Comparison Between Established and the Worldwide Esophageal Cancer Collaboration Staging Systems

Puja Gaur, Wayne L. Hofstetter, B. Nebiyou Bekele, Arlene M. Correa, Reza J. Mehran, David C. Rice, Jack A. Roth, Ara A. Vaporciyan, Thomas W. Rice, Stephen G. Swisher

Research output: Contribution to journalArticlepeer-review

22 Scopus citations


Background: Controversy exists regarding the optimal staging system for patients with gastroesophageal junction adenocarcinoma (GEJA). The Worldwide Esophageal Cancer Collaboration (WECC) has organized a multi-institutional database from which a novel esophageal staging system has been organized. We used a single institution experience to validate the hypothesis that the WECC system more accurately predicts survival in GEJA patients than both the American Joint Commission on Cancer 6th edition esophageal and gastric systems. Methods: We reviewed 449 GEJA patients (Siewert I-III) treated with neoadjuvant therapy followed by surgery or surgery-alone between 1990 and 2007. A blinded statistician performed a head-to-head comparison regarding the ability of each staging system to predict survival. A subgroup analysis of patients who underwent surgery only (n = 176) was also performed. Results: All three systems predicted survival of patients with GEJA. However, a Bayesian variable selection model found that the WECC system was better than both American Joint Commission on Cancer esophageal and gastric systems (probability 0.99 and 0.98, respectively). Subset analysis suggested that the WECC staging was also optimum for predicting survival in surgery-alone patients. Conclusions: While the esophageal staging system is better at predicting survival than the gastric staging system, the WECC system may be the most favorable single-system predictor of survival for patients with resected GEJA. As suggested by the WECC system, incorporating the number of positive lymph nodes within the staging system may present an advantage in predicting survival.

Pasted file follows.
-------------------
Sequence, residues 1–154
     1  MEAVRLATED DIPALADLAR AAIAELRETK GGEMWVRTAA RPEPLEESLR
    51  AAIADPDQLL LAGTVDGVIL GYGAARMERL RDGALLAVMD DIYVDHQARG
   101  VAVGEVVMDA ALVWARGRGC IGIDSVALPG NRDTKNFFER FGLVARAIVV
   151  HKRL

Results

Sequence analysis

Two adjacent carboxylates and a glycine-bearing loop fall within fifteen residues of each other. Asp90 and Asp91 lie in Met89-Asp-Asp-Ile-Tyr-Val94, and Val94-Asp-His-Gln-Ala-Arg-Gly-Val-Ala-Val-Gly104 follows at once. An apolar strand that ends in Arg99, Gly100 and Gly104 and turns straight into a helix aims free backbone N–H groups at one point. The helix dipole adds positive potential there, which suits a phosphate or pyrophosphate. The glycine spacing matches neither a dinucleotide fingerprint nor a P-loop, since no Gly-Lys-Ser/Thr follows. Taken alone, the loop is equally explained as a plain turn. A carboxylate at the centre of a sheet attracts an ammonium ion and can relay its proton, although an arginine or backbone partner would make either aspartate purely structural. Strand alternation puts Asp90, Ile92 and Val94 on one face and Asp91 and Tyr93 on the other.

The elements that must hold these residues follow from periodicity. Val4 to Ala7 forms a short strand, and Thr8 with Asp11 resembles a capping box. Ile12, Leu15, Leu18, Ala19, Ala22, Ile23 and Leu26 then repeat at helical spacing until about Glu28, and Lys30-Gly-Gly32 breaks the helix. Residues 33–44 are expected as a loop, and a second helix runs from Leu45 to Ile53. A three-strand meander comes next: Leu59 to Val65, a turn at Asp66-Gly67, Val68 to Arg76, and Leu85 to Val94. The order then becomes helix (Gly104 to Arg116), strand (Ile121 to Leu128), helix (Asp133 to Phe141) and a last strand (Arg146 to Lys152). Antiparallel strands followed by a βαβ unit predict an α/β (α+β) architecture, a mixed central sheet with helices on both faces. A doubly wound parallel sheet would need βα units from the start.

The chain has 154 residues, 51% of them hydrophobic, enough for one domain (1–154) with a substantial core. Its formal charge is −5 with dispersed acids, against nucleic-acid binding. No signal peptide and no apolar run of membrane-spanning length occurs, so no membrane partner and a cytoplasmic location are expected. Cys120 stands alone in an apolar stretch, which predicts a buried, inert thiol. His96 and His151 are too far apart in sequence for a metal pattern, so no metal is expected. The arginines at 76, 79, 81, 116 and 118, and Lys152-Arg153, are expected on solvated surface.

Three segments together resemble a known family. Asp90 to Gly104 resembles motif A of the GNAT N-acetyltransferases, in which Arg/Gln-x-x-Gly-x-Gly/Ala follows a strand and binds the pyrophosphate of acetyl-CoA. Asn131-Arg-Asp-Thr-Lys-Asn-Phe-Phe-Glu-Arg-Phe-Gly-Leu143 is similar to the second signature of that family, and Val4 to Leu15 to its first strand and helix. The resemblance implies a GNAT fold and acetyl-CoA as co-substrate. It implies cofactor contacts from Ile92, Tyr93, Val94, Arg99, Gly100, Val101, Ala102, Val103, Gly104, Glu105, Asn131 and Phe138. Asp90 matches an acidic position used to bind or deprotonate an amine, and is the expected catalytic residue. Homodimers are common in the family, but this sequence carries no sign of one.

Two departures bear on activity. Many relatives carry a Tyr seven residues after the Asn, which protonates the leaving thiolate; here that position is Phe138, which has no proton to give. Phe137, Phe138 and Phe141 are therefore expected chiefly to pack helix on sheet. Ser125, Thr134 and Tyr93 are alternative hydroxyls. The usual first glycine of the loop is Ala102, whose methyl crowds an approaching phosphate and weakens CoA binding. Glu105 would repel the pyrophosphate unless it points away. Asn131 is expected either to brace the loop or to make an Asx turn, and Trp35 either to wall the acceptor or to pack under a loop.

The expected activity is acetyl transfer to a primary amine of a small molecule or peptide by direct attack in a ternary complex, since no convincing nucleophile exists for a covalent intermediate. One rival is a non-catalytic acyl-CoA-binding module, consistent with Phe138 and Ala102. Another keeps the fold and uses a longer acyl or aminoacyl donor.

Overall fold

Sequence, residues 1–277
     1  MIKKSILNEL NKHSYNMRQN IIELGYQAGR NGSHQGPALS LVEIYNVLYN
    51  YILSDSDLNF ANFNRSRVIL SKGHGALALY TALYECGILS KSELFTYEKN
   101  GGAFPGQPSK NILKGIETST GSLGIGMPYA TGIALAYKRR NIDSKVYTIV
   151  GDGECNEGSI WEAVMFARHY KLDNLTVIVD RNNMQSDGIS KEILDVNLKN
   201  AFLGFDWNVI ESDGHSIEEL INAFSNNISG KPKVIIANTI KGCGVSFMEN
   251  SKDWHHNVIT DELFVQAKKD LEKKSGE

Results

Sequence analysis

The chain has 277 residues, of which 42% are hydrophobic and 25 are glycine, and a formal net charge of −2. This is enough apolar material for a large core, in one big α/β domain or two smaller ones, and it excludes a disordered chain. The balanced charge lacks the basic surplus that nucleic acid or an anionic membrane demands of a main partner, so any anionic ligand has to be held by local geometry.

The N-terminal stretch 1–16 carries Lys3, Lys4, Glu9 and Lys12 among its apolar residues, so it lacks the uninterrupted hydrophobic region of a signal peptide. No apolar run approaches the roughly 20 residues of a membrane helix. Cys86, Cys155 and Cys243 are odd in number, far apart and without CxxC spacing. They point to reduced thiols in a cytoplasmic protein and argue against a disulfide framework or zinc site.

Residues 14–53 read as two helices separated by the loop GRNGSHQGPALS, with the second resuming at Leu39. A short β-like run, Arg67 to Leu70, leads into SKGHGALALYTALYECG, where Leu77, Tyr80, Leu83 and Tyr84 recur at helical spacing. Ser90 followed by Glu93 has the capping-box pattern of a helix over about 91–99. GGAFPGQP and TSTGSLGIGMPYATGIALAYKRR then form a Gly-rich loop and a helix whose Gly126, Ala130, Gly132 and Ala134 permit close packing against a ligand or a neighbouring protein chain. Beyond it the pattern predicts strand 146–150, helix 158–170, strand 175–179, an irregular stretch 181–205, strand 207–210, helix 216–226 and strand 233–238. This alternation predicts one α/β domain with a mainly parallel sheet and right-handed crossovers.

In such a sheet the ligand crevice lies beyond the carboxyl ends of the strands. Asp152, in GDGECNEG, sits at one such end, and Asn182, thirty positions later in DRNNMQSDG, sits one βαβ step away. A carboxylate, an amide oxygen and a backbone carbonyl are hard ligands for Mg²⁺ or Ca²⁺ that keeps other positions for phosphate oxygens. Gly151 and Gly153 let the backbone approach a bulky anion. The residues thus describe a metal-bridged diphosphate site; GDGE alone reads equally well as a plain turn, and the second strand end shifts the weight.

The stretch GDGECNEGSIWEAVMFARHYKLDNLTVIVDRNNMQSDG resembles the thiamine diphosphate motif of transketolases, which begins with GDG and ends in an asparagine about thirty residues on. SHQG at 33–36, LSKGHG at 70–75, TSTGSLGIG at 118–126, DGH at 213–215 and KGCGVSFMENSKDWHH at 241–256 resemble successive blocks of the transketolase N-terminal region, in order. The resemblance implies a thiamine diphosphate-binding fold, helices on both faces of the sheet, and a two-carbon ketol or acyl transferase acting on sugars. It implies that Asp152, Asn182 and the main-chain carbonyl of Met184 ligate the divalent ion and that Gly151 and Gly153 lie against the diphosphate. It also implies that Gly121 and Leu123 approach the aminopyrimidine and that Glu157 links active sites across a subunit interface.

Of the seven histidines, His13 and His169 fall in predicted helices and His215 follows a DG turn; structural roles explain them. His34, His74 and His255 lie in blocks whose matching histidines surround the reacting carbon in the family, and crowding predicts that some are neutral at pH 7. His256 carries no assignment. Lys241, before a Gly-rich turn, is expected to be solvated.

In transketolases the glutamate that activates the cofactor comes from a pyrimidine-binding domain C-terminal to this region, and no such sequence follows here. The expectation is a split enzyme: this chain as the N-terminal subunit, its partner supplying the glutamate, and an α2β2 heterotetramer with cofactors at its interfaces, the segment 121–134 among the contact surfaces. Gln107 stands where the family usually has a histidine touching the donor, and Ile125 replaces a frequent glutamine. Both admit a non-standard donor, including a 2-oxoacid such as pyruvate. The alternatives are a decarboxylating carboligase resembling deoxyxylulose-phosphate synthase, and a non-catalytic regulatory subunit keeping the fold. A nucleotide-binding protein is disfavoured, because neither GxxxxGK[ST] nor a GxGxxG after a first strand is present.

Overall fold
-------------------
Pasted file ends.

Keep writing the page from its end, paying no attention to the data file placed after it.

Original languageEnglish (US)
Pages (from-to)1797-1804.e3
JournalAnnals of Thoracic Surgery
Issue number6
StatePublished - Jun 2010

ASJC Scopus subject areas

  • Surgery
  • Pulmonary and Respiratory Medicine
  • Cardiology and Cardiovascular Medicine


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